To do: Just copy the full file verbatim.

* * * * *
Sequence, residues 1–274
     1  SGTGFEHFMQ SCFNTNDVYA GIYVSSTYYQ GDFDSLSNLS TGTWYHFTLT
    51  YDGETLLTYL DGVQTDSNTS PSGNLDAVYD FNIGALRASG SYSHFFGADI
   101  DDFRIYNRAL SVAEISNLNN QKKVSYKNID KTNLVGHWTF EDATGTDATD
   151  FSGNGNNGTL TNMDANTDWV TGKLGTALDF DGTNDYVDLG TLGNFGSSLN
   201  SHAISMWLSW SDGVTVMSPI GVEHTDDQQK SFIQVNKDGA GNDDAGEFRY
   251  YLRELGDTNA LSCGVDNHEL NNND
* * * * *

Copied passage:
Sequence, residues 1–274
     1  SGTGFEHFMQ SCFNTNDVYA GIYVSSTYYQ GDFDSLSNLS TGTWYHFTLT
    51  YDGETLLTYL DGVQTDSNTS PSGNLDAVYD FNIGALRASG SYSHFFGADI
   101  DDFRIYNRAL SVAEISNLNN QKKVSYKNID KTNLVGHWTF EDATGTDATD
   151  FSGNGNNGTL TNMDANTDWV TGKLGTALDF DGTNDYVDLG TLGNFGSSLN
   201  SHAISMWLSW SDGVTVMSPI GVEHTDDQQK SFIQVNKDGA GNDDAGEFRY
   251  YLRELGDTNA LSCGVDNHEL NNND